The Poor Man's Store
John Frederick Peto, American, 1854–1907 American
90.17 x 65.09 cm (35 1/2 x 25 5/8 in.)
Medium or Technique
Oil on canvas and panel
Forkner and Gill Family Gallery (Gallery 238)
John Frederick Peto’s painting of a shabby but colorful storefront window belongs to the school of trompe l’oeil (fool the eye) paintings associated with William Michael Harnett link. It is an early masterpiece in a career that stretched from 1877, when Peto enrolled for a year at the Pennsylvania Academy of the Fine Arts, until his death thirty years later. While living in Philadelphia, Peto became friendly with Harnett and borrowed many of his subjects and compositional devices, although he worked in his own distinct, more painterly style. The canvas of The Poor Man’s Store depicts brightly colored candies, peanuts, gingerbread, and fruit for sale. It is surrounded by a wooden frame illusionistically painted to simulate a door, shelf, and wall.
Such shop windows were characteristic of Philadelphia during the nineteenth century. A contemporary reviewer described one of Peto’s earlier paintings of the same subject in the Philadelphia Record in 1880:
link cleverly illustrates a familiar phase of our street life, and presents upon canvas one of the most prominent of Philadelphia’s distinctive features. A rough, ill-constructed board shelf holds the “Poor Man’s Store”—a half dozen rosy-cheeked apples, some antique gingerbread, a few jars of cheap confectionery “Gibraltars” and the like, and, to give all a proper finish and lend naturalness to the decorative surroundings of the goods, a copy of The Record has been spread beneath.”link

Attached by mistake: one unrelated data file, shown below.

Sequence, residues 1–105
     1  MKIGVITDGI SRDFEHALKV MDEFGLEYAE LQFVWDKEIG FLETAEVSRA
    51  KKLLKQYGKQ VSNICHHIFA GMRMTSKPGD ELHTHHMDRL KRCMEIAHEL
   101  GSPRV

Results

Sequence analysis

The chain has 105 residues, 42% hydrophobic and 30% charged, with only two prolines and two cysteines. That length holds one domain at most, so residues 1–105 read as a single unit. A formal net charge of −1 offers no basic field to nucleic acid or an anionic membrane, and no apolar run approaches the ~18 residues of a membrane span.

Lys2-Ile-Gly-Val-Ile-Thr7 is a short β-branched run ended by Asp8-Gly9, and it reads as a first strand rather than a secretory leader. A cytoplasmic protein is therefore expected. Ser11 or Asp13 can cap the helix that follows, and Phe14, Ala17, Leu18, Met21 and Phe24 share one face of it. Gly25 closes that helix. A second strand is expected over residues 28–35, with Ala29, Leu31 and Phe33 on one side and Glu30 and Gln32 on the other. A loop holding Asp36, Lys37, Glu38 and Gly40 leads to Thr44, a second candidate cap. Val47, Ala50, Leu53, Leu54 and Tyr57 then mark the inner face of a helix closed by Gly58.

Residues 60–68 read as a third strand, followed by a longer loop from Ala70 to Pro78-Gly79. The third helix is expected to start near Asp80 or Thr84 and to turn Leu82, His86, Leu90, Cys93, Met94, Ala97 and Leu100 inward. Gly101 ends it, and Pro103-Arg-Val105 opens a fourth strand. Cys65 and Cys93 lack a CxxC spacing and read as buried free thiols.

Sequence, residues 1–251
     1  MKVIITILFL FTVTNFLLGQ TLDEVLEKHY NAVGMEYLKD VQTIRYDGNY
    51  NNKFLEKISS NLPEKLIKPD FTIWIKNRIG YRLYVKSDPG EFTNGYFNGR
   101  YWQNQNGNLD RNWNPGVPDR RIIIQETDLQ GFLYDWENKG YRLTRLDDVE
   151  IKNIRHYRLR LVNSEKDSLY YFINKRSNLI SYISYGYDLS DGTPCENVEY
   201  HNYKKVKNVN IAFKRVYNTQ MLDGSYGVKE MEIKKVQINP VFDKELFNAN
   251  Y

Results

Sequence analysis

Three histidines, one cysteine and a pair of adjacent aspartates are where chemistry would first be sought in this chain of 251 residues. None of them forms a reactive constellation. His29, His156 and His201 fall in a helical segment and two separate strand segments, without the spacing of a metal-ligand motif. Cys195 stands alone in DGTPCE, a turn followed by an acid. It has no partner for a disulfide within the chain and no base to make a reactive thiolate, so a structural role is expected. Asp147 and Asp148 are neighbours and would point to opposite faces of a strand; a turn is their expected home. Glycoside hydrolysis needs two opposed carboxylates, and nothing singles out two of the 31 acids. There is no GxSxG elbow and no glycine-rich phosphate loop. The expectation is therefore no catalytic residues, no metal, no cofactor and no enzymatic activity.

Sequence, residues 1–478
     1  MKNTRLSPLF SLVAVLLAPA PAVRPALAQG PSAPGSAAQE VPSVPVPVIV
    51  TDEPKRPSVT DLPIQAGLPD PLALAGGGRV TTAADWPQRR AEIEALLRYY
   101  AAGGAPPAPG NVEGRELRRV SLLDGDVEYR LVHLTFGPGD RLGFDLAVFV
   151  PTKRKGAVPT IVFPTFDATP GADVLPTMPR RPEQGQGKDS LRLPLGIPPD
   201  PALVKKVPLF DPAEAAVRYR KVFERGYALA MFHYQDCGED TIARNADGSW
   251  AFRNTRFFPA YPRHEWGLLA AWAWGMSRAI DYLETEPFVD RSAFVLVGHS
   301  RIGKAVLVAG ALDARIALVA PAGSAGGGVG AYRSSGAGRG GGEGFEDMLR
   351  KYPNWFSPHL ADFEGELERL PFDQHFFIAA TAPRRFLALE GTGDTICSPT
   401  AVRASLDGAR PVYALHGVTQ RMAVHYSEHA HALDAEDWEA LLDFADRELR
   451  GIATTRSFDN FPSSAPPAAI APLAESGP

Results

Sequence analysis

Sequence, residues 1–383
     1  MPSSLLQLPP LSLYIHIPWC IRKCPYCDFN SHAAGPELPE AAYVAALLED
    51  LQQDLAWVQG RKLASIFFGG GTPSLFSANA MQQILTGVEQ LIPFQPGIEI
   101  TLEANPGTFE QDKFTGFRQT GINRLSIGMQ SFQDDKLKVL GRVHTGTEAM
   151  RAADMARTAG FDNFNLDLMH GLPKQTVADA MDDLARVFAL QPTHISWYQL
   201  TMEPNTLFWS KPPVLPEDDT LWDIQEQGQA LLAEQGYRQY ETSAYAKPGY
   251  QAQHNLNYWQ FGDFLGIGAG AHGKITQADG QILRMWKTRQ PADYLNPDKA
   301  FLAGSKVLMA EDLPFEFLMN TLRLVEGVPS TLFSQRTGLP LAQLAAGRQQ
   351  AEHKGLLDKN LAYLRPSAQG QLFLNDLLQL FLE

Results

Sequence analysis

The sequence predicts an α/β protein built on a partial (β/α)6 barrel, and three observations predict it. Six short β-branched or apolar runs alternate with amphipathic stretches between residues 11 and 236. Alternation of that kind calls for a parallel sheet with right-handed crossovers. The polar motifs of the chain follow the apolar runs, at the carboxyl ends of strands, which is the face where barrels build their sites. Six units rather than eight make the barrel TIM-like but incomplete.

It was not unusual for Peto to paint several versions of a theme, and the Museum’s picture seems to be similar to the painting described in the Record except for the presence of the newspaper in the earlier work. Instead, it has been replaced by signs advertising “Lodging” and “Good board $3.00 a week.” The metal numbered plaque hanging above the window, the piece of string, and the torn remains of notices were some of Peto’s favorite devices, each one painted to add to the illusionistic effect.
Peto’s penchant for portraying humble, derelict objects in disordered arrangements may account for his lack of wealthy patrons during his lifetime. After working in Philadelphia, he moved to Island Heights, New Jersey, in 1891, where he was largely forgotten by the Philadelphia art world. In the early twentieth century an unscrupulous art dealer forged Harnett’s name on many of Peto’s works in order to sell them more readily. It was not until mid-century that the paintings were reattributed and Peto began to be appreciated as one of the preeminent still-life painters of the late nineteenth century.
1. Quoted in Alfred Frankenstein, After the Hunt: William Harnett and Other American Still Life Painters, 1870–1900 (Berkeley: University of California Press, 1953), 102.
This text was adapted from Elliot Bostwick Davis et al., American Painting link, MFA Highlights (Boston: MFA Publications, 2003).